We then took a dry erase marker and drew the areas of play. Excuse my awful drawings – I was making it happen quickly. I chose the first square, E chose the second and third, and I chose the 4th.

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This worked great the first day. He went to where he needed to go without complaints and felt totally empowered about the situation.

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One problem: he couldn’t hear my cell phone timer because of loudness of the classroom. Claaaaaaaasic. I made a joke to my student teacher: “Well what should I do, tape my phone to his sweater?!” And she then smartly suggested a stop watch. The only stop watch I found in the school didn’t count down. Back to the drawing board. I didn’t want to use the online visual timers because we frequently use the smart board for visual directions. It’s tied up most of the time.
I remembered about a timer I use to have that worked great for literacy stations in previous years. I was cheap, loud, and portable. All things we K teachers love. Minus the loud, sometimes.

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I laced it through a lanyard with some wire and had E wear it from play spot to play spot. I taught him how to set it, how it stop it, and how to restart it so he could move from area to area independently.

HE LOVED IT.

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It is now hanging proudly on the board next to his four square, ready to wear for the following day. E was so proud to show his mom how this worked when they came for interviews.

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Independence for the win.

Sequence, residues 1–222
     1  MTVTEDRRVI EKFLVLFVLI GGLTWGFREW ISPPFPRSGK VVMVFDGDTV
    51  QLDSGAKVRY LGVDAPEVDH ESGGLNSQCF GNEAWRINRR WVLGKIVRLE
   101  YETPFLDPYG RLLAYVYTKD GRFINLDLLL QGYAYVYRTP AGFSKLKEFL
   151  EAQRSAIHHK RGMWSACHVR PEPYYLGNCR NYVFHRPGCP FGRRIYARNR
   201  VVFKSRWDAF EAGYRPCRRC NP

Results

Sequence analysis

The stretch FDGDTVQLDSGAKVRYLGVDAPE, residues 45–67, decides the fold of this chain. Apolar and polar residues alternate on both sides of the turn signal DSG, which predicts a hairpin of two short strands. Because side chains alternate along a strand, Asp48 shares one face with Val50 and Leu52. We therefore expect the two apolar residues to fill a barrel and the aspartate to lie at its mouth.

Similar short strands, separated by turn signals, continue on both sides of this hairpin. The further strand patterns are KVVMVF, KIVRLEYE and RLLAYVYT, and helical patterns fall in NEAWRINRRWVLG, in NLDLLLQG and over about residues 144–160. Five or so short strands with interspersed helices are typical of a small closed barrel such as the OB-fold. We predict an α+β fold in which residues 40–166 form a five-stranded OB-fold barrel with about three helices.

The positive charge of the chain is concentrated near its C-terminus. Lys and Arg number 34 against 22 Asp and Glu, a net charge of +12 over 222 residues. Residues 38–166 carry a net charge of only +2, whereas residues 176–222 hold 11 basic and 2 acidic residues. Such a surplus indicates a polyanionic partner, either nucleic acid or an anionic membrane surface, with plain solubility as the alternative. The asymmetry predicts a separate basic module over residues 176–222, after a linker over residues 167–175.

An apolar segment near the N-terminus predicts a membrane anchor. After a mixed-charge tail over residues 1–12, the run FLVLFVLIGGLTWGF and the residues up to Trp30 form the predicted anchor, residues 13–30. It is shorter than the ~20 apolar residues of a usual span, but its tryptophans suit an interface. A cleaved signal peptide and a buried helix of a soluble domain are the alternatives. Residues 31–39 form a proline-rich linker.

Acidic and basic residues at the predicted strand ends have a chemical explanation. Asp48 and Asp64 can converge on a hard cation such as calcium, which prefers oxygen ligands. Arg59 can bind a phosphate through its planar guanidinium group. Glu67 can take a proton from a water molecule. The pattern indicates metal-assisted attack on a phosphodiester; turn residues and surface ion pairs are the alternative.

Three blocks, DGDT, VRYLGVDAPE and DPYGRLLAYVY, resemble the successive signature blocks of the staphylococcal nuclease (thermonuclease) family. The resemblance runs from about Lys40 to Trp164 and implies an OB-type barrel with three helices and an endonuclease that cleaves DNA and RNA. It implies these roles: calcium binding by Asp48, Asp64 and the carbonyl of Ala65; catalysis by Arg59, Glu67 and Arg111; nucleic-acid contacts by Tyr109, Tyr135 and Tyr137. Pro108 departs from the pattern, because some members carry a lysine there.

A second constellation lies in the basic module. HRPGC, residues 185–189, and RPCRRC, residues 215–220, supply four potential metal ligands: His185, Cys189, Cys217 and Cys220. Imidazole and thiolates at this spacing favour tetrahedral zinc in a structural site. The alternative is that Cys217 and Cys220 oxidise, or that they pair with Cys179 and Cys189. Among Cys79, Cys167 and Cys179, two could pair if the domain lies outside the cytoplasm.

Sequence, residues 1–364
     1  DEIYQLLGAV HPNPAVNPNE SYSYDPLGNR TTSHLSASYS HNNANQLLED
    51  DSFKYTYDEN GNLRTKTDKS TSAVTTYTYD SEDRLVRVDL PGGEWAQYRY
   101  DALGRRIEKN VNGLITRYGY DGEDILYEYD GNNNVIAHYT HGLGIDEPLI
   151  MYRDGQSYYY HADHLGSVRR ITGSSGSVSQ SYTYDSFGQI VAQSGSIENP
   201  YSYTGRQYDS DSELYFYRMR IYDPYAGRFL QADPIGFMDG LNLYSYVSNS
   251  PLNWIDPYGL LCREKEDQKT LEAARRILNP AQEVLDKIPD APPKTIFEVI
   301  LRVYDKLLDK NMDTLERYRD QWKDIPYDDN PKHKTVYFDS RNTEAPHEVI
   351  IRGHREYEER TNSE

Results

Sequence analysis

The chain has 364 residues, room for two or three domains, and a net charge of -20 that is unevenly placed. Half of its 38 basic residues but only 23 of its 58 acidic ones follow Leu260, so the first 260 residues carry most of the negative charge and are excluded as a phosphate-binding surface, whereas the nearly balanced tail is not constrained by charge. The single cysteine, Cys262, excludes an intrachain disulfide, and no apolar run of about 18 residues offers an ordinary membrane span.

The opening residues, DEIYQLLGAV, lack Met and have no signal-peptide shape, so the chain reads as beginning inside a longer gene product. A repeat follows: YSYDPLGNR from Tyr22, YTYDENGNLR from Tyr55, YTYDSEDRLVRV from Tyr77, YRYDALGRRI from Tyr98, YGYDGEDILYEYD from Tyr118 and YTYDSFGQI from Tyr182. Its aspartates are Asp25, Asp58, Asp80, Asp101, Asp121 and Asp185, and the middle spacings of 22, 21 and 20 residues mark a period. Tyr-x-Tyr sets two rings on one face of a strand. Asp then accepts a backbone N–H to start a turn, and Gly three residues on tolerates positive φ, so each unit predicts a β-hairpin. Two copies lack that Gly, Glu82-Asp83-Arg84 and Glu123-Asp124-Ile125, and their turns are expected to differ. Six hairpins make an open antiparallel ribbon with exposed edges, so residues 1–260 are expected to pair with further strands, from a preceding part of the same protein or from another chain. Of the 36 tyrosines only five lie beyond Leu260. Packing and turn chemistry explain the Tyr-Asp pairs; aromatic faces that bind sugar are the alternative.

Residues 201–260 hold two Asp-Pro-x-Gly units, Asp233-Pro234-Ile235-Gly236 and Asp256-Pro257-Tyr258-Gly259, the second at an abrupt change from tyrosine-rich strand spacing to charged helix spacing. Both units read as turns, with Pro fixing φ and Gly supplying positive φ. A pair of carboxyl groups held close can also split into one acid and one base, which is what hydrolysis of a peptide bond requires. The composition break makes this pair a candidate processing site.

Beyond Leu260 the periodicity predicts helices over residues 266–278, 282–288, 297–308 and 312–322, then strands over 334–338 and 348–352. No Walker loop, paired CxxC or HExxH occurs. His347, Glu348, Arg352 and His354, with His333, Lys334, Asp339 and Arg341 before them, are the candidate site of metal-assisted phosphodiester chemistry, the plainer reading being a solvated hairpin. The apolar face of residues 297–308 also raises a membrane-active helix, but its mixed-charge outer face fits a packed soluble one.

Today, I Cried At School

I was sitting at my computer desk, back turned to my students playing in the room. My eyes started getting a wee bit wet, and my nose and collar bones felt hot.
Then I heard my name 6 times in rapid succession from a tiny voice behind me.

Me: “Yes? What is it? I’m a bit busy right now.”

Student: “Can I go get my snack? …Are you crying?”

WOW. Well I just got your peer to practice saying the /f/ sound for the last 20 minutes without success but YOU realize I’m CRYING.

Me: “I’m just feeling a bit sad now. Wash your hands and go get your snack.”

Student: “OK.”

It was 1:47 PM and I just had to let it all out. There at my desktop, I cried. Speaking of snacks, I thought to myself, I need some cookies right now. TIME TO STRESS EAT.
I had just had two very unsuccessful speech group practice activities. One group was working on expressive language. The next group was working on the /f/ sound. It went awful. Terrible. That’s ACTUALLY what I wrote on the small group work sheet that tracks the dates and times they come to see me. It ACTUALLY says “terrible” on the page.

I cried for the students I couldn’t help say the /f/ sound clearly.
I cried for the student who came to me begging to play the expressive language game, even though her expressive language skills were just fine.
I cried for the same student who asked me if she could leave after two turns because the pace of the game was too slow
I cried for her again when I saw her wandering around the room aimlessly, bored at having nothing challenging enough to do.
I cried for her once more when I just wanted her to choose something to play with that would make her happy. Because she is a kid.
I cried for the student who I had to make a play schedule for because he is too immature to pick a spot in the room to play for more than 1.5 minutes.
I cried later on in the day when I had a social worker visit me asking if a certain student had confided anything in me lately. Any teacher who has ever had a social worker visit them knows what that means.
I cried thinking of how fortunate I am to have a great student teacher and then cried some more thinking of how I am possibly going to continue the rest of the year by myself when she is gone.
I cried at the fact I didn’t pack cookies for a snack today. Because I really needed those friggin cookies.

I pouted a bit to my #kinderchat and #wtdk friends on Twitter. Then I picked myself up, and moved on with the day.

I cried for the weak. I cried for the strong. Today was a day where I worried about every single one of my students and it became too much. I worry about each of them every single day, but today was just one of those days. Tomorrow is a new day.

Then I came home and ate some cookies. And some squares. Because they were right next to the cookies.